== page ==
Sennebogen opens in North America
in North America
The American headquarters of Sennebogen, which includes a new parts and training facility, has officially opened its doors in Stanley, North Carolina.
January 27, 2010 By Canadian Biomass
Jan. 27, 2010, Stanley, NC – The American headquarters of Sennebogen, which includes a new
parts and training facility, has officially opened its doors in Stanley, North
Carolina. The company is committed to serving the North American marketplace
from this central location. A family-owned business founded in 1952 in Straubing, Germany, it is a
manufacturer of specialized material handling machines used in scrap,
recycling, logging, forestry, and many other industries. Sennebogen LLC, the
U.S.-based subsidiary of the company, was established in 2000 to introduce and
support the company’s equipment throughout the Americas.
According to Constantino Lannes, president of Sennebogen LLC, the opening of the new
facility is just the first step in its development. The centre is designed to
accommodate a significant increase in employees as the business achieves
expected growth targets. Its head office and parts and training facility are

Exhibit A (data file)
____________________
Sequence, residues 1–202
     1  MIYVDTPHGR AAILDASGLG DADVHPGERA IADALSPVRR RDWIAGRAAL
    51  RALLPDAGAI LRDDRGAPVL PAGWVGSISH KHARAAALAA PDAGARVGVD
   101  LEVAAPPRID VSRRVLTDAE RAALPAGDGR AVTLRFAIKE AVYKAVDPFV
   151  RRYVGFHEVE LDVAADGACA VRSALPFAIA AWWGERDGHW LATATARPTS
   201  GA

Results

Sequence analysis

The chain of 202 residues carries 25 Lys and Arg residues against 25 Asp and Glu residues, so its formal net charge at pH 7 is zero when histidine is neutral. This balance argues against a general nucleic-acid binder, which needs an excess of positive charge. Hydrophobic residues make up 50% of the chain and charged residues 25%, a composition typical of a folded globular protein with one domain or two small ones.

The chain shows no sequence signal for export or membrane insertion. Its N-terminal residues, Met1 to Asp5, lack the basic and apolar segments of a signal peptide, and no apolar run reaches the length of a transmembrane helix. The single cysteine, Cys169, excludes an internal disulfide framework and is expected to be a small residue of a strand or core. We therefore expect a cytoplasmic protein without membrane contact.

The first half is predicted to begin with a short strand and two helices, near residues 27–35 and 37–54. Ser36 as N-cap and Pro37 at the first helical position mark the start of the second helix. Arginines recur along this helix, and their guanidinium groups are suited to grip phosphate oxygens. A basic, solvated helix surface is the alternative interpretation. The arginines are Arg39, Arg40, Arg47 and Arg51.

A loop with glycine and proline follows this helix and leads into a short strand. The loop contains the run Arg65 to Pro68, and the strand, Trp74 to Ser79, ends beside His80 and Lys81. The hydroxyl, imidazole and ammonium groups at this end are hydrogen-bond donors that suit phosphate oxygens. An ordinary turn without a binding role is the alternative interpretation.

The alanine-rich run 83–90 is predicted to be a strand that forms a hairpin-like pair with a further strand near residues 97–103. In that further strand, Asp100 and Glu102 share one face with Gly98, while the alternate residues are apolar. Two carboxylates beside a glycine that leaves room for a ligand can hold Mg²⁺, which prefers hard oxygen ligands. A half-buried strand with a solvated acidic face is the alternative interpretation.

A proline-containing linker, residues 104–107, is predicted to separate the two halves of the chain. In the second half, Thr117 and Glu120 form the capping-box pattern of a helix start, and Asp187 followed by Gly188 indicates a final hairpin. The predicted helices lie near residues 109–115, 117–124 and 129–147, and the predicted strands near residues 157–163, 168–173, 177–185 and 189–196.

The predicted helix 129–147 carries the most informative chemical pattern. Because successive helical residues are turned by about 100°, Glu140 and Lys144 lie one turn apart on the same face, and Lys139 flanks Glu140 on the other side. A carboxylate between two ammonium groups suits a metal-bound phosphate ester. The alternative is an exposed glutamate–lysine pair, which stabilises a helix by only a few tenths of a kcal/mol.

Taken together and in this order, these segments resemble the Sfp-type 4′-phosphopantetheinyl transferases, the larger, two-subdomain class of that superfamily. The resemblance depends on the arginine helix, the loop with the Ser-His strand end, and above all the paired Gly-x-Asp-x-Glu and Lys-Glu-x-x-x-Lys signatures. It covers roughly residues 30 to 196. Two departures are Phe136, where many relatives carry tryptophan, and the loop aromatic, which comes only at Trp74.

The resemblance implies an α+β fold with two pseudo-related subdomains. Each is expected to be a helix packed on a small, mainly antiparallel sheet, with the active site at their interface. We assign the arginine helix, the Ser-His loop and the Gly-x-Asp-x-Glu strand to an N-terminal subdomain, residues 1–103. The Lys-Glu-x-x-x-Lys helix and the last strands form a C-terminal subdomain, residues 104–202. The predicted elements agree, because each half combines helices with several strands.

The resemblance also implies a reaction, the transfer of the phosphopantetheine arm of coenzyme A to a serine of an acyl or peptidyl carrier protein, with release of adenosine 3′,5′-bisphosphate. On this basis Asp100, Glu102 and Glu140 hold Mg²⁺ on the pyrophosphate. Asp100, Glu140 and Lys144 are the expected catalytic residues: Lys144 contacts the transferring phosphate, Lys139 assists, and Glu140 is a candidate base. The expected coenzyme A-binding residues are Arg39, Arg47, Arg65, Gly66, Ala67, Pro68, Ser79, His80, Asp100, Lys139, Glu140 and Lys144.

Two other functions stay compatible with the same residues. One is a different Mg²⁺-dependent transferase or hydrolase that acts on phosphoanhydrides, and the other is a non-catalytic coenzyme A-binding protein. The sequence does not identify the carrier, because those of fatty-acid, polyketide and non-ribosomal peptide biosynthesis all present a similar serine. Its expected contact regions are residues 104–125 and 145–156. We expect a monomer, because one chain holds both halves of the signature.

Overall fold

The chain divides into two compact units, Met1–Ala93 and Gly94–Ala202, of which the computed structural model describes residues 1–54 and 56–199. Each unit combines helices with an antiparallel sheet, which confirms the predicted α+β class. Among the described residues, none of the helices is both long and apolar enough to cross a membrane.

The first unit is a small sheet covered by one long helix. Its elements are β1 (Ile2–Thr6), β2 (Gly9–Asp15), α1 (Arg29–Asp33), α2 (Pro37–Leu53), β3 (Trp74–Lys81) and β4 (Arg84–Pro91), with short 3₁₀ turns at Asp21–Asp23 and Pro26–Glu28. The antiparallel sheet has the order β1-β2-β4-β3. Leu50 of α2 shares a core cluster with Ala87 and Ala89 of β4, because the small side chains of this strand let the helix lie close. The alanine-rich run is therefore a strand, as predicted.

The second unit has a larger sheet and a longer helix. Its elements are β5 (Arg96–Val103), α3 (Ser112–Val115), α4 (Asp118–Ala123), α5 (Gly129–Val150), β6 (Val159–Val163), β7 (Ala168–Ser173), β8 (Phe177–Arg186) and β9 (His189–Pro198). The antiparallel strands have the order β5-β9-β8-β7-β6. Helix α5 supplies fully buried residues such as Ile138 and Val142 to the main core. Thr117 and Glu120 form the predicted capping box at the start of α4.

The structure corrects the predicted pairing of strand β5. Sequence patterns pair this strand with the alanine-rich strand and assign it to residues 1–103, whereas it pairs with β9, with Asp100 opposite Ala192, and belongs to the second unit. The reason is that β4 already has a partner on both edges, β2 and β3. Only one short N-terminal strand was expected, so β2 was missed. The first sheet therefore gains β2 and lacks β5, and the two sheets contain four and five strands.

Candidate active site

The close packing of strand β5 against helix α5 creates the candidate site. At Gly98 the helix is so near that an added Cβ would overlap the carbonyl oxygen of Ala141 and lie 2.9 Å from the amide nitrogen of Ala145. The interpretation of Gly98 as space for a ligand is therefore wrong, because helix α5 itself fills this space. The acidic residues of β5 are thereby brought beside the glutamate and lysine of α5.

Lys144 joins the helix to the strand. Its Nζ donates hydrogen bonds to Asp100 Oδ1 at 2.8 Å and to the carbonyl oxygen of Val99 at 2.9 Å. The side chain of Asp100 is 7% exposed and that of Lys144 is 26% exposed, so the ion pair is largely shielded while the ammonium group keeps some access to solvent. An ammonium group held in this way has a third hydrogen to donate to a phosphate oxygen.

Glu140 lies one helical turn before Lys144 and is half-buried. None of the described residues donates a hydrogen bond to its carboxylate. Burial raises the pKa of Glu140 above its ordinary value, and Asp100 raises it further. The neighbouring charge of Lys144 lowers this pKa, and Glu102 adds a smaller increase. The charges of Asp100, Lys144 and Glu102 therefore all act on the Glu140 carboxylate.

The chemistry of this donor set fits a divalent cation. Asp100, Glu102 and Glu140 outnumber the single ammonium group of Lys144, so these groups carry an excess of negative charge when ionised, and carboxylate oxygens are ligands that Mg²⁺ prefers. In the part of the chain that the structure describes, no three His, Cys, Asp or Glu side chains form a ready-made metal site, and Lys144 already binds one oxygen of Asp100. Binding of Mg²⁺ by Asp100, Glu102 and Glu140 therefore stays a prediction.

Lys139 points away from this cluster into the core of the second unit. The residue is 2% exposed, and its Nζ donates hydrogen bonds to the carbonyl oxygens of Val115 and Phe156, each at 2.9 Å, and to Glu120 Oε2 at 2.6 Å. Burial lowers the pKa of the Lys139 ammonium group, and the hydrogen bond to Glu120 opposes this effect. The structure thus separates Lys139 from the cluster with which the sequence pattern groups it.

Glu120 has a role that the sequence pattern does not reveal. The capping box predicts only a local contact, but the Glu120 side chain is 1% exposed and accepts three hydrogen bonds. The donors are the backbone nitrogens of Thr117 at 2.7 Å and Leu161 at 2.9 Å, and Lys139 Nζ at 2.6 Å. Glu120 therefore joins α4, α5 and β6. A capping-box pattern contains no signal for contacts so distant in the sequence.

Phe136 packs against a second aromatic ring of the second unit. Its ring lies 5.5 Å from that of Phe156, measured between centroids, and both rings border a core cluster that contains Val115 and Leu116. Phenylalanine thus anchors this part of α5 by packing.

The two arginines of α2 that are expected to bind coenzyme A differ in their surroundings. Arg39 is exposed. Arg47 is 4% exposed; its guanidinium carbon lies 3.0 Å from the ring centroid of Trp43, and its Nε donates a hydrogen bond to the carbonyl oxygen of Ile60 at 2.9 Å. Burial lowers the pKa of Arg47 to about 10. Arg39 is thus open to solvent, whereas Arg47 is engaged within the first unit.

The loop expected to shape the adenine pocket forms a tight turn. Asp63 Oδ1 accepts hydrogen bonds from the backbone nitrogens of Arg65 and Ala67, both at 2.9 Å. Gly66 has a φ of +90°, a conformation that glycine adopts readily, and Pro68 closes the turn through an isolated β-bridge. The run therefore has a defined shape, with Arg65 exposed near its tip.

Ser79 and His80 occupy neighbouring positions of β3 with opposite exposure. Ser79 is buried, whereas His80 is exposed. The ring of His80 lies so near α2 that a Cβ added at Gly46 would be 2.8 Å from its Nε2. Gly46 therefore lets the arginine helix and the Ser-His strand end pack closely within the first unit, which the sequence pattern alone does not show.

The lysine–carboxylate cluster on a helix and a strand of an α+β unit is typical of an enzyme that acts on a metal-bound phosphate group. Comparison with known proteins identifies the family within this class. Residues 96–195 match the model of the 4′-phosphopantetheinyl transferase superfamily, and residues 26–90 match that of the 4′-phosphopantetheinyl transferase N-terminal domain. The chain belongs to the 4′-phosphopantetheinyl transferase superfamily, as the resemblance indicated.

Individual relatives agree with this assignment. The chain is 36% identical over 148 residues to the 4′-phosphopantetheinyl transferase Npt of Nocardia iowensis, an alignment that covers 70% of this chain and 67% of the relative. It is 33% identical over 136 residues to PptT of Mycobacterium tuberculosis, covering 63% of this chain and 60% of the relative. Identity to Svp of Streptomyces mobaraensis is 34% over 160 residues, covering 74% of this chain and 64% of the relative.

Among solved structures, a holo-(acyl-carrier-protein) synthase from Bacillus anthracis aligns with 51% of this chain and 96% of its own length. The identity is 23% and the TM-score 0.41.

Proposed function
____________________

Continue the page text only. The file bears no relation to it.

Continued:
part of the company’s plan for continued growth as it expands into new sectors.
Entering through the main door to the 54,000 square-foot facility, visitors arrive to an open,
welcoming reception area. The depth of the inventory here is evident in the
array of thousands of hydraulic and mechanical components in stock to service
various machine models. The warehouse also maintains an extensive inventory of
major machine components and assemblies. “We keep everything on hand that a
technician might need to keep one of our machines up and running, and with 24/7
parts and service availability, Sennebogen is maintaining its pledge to
maximize its customers’ up time,” Lannes claims. “Our distributors do a
tremendous job of keeping their own local supplies of service and repair parts,
so we’re always ready to replenish their stocks, without waiting for orders to
come from overseas. Almost any customer request is on its way the same day the
order arrives here.” Lannes notes that the warehouse even keeps a large
inventory of engines in stock.
The rear area of the facility is a wholly self-contained training center. Meeting rooms and classrooms are equipped
with computer networking and projection technology. The training section
occupies two levels, including an upper area that overlooks a large machine
bay. This allows trainers to bring any machine indoors, up to the 200,000-pound
870 model material handler.
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